Apple to Open First Retail Store and Resume Online Sales in Indonesia

NZweek reports (via The Next Web) that government officials in Indonesia have revealed that Apple has submitted an application outlining plans to relaunch its online store in the country, to be followed by the opening of its first Indonesian retail store in Jakarta.

Chatib Basri, BKPM chairman, said BKPM has given official permission to Apple relating to its plan to open online store in Indonesia. “We have approved their (Apple) application,” he said here on Tuesday.

Apple online store in Indonesia is expected to give shorter supply chain and distribution of its products.

Azhar Lubis, deputy chairman of BKPM said Apple will open its store in Indonesia’s capital city, Jakarta. “The investment worth around 2 million to 3 million U.S. dollars,” he said.

The Next Web notes that Apple previously operated an online store for Indonesia but shut down the store in early 2011 due to issues with shipping products from the store’s central hub in Singapore. The store currently remains online only to provide pricing information and connect customers to resellers.


Apple has been focused on expanding its international retail store presence, and the company revealed in job listings late last year that it is making plans for its first stores in Brazil and Turkey. Apple has also been said to be looking at expanding sales in Russia.

Shipping Estimates for 21.5-Inch iMac Begin Slipping to 2-3 Weeks

Shipping estimates for new orders of 21.5-inch iMac models began slipping in Apple’s online stores in many European countries such as the United Kingdom today, moving from 7-10 business days to 2-3 weeks. The changes have not yet propagated to stores for other regions.


Estimates for the 21.5-inch models had remained steady at 7-10 business days since just after they became available for sale late last year. Apple has also been quoting even longer estimates for the 27-inch models, which are reportedly seeing more significant issues with display production due to a new lamination process. Estimates for new 27-inch iMac orders remain at 3-4 weeks for the time being, essentially in line with their status since just after pre-orders went live.

(Thanks, Neil!)

Related roundup: iMac

Tim Cook Ordered to Give Deposition in Employee-Poaching Ban Antitrust Case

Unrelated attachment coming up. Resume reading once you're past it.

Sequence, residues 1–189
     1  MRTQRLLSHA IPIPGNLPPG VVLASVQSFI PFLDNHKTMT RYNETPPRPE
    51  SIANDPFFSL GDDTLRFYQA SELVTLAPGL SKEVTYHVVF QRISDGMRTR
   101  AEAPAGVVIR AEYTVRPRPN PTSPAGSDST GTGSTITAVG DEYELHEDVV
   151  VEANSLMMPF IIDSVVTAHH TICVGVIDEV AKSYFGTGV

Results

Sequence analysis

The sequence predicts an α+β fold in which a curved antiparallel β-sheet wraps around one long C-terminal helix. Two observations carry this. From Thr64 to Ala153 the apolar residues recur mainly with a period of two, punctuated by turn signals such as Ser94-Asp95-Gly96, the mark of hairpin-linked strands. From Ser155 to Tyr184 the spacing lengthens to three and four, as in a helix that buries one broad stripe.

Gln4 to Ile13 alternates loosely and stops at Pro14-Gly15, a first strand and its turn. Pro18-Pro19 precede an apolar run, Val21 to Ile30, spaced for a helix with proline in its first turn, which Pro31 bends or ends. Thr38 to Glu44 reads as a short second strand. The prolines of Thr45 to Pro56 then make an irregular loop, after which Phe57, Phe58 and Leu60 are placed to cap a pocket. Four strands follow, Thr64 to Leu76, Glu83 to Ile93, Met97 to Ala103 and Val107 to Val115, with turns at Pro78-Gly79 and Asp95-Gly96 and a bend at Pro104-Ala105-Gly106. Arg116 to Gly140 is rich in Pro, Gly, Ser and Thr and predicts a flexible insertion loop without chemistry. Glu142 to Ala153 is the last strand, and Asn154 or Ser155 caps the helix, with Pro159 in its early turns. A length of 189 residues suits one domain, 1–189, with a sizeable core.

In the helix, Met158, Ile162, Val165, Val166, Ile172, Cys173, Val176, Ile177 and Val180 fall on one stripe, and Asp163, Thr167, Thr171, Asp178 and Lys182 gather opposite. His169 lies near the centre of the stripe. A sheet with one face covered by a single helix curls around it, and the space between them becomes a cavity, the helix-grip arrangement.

Bloomberg is reporting that Apple CEO Tim Cook has been ordered by U.S. District Judge Lucy Koh to give a deposition in a lawsuit claiming that Apple and five other companies entered deals not to recruit each other’s employees.

Koh told lawyers yesterday that Apple founder Steve Jobs was copied on e-mails at issue in the case, and that she found it “hard to believe” that Cook, as Apple’s chief operating officer at the time in question, wouldn’t have been consulted about such agreements.

The judge said she was disappointed that senior executives at the companies involved hadn’t been deposed before yesterday’s hearing over whether she should certify the case as a group lawsuit.


The case goes back to 2005 and alleges that Apple, Adobe, Pixar, Lucasfilm, Google, Intel and Intuit had agreements not to poach employees from the companies that were privy to the agreements. Employees were free to apply at jobs at any of the companies on their own volition, however.

The agreements were investigated in 2010 by the Justice Department and the claims were eventually settled, with the companies agreeing not to enter employee-poaching bans for five years.

The current lawsuit is a class-action civil suit by employees who say they were harmed by the anti-competitive actions of the companies within the agreement.

Black Pixel’s Comparison App ‘Kaleidoscope 2’ Goes Live on Mac App Store

Black Pixel today released its first major in-house app, Kaleidoscope 2. The app that helps coders, writers and others to compare the differences in folders, images, text, and more. The app was released as a beta back in November.NewImage

At the time, The Next Web spoke with former Apple employee Michael Jurewitz and the rest of the Black Pixel team about Kaleidoscope 2:

Kaleidoscope 2 is a lovely comparison app that allows you to take two or more files, folders or images and compare them to one another. The applications are broad, with benefits that swing from developers on one end to those simply looking to compare two images side-by-side. It has full integration with Git, Subversion, Mercurial, and Bazaar. The app can be used as the default conflict resolver for code with its command line integration or simply to check the changed passages in a collaborative word document. It’s beautifully designed, fast and wonderful to use. It’s become an essential part of my toolkit already.

Kaleidoscope